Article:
How does TAP clean their salt (if at all) and what is the end of their fuel cycle? No plan for the significant output of TAP WAMSR radiotoxic wastes? What is the TAP plan for getting at the SNF?

Section 2.3 Salt Formulation, 2. wrote:
FLiBe contains beryllium, which can lead to chronic berylliosis in a significant portion of the population. Forgoing beryllium use thus imparts an occupational health benefit as well.
Dr. Edgar Vidal, Materion, Inc., presently the only beryllium supplier in the U.S., has addressed this concern amply. The BeF2 product is not a berylliosis hazard. Fluoride salts are very stable (fluorine is the most electronegative element in nature, and happens to be invisible to neutrons); it so happens to be the step just before the expensive process of defluorination to beryllium metal. The extremely hazardous TAP WAMSR will have bigger fish to fry than to worry about beryllium. But do the thermal and neutronic benefits of 7LiF-BeF2 (2:1) outweigh its share of the overall reactor costs? They must otherwise Oak Ridge would not have used beryllium in the first place. But FE and TAP are going rounds on neutron moderation. How exciting!

One thing is lithium. Everyone wants highly-depleted lithium. TAP nonchalantly remarks that lithium-6 generates the troublesome tritium. What about its neutron-eating in the reactor? They're not worried about Li-6 interfering with their reactor neutronics? Either way, will the Chinese method using ionic liquids rule for HD lithium production? They've captured the world's REEs. Will they win the MSR race?

The whole world doesn't know there's another but very quiet race to Moon all over again and it's fluid-fueled reactors!

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PostPosted: Jul 06, 2016 8:38 pm 
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Burghard wrote:

Ya.... had a quick read through it.
Interesting.
Looks like they're slowly moving towards a fast reactor design, like EVOL's MSFR.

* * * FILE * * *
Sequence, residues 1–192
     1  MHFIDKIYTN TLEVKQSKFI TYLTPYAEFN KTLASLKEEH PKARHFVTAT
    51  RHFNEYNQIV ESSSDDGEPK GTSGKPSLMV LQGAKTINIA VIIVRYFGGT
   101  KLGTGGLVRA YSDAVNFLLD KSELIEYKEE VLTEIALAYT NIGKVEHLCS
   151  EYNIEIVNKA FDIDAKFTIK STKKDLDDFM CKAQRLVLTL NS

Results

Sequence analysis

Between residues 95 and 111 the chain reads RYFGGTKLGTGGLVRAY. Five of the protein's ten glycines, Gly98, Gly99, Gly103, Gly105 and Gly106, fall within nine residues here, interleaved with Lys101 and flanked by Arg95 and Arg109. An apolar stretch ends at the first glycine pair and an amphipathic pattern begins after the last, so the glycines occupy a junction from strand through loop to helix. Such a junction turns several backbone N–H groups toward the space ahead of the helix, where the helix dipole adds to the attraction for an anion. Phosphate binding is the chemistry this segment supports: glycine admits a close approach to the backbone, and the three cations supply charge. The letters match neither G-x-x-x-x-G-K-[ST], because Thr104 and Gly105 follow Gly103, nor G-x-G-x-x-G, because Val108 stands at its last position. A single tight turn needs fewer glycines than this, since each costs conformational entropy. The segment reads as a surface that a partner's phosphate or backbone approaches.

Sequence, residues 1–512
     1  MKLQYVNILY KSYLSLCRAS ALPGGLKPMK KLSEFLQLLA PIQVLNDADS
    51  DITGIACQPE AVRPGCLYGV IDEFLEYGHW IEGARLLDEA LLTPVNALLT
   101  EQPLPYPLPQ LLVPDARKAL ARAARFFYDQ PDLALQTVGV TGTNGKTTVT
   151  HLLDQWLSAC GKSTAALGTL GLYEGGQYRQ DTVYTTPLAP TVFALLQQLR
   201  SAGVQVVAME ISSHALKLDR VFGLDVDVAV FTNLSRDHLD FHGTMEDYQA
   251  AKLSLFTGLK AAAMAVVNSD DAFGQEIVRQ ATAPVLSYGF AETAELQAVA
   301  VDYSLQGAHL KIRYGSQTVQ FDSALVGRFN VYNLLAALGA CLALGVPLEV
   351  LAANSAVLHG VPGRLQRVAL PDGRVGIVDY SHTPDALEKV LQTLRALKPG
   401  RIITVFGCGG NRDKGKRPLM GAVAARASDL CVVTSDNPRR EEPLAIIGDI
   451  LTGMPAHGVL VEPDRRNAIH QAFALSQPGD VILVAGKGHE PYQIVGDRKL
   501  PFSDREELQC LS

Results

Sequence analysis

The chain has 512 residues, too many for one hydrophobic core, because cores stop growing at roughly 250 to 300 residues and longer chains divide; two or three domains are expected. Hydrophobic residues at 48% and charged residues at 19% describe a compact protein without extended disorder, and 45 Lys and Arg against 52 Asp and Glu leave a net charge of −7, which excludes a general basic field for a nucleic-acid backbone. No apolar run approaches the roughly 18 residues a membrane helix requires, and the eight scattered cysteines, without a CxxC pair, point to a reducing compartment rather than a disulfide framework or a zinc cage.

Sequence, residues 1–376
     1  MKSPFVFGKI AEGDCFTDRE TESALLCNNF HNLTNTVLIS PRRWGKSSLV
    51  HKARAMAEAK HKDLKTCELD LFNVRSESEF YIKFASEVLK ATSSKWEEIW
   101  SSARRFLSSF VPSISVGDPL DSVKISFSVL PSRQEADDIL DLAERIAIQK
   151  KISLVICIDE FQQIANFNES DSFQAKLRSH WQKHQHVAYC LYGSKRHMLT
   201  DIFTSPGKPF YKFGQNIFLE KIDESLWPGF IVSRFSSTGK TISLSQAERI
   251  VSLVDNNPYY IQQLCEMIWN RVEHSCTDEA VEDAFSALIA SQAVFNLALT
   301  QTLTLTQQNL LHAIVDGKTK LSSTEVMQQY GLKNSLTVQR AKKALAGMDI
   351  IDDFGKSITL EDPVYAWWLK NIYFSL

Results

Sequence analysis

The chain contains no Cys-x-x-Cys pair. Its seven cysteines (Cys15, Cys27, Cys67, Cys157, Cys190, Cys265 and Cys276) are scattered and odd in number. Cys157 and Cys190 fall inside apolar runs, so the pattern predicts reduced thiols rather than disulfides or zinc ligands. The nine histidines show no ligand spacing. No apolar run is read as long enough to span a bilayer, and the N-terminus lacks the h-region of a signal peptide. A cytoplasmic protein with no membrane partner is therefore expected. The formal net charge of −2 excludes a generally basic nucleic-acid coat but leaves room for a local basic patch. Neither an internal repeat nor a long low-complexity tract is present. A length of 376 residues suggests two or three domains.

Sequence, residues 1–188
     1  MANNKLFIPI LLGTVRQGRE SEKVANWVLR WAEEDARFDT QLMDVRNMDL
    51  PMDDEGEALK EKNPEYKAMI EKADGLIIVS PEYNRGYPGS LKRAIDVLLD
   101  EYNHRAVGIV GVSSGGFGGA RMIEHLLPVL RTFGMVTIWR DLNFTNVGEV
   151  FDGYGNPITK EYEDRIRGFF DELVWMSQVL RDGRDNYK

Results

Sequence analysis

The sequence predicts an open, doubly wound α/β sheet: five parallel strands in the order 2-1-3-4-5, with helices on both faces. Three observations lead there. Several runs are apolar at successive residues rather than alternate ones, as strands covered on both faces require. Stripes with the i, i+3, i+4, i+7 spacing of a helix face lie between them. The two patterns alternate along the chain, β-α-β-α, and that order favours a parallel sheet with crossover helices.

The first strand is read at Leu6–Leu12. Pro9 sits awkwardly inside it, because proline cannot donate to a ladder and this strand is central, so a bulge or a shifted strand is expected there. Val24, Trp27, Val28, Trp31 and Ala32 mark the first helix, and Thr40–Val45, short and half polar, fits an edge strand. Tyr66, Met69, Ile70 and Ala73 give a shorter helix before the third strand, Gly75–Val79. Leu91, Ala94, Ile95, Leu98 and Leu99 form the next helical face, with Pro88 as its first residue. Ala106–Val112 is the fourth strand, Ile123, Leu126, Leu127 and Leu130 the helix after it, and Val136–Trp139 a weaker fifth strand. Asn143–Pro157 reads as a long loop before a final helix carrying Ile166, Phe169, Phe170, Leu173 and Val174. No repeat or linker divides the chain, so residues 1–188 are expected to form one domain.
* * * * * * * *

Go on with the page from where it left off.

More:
It's pretty amazing - if true - that they can get a 90% fuel salt reactor critical on 5% LEU !
Fast reactors typically require about 12% LEU minimum.

Then they start adding SiC-clad moderator rods full of ZrH, to gradually shift the spectrum from fast to thermal.
I'm sure the NRC will love that !
Not to mention all the extra hardware complications, that could be avoided by just going straight to the EVOL design (plus far higher burnup to boot!).

Makes you wonder why they still bother pushing the TAP concept.
Give it up already !


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PostPosted: Jul 06, 2016 11:51 pm 
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I also did a quick read through and the papers bring up more questions than answers. To me it seems like they spend more time bad mouthing the competition than in describing the merits of their own design, perhaps that's just how one makes a sale. What bothers me is that much of the bad points they give about the competition look like straw man arguments. They mention issues like beryllium, tritium, U-233, proliferation, and regulations in a way that frames them in a really bad light but even I, with my limited knowledge of nuclear physics, don't believe everything they say.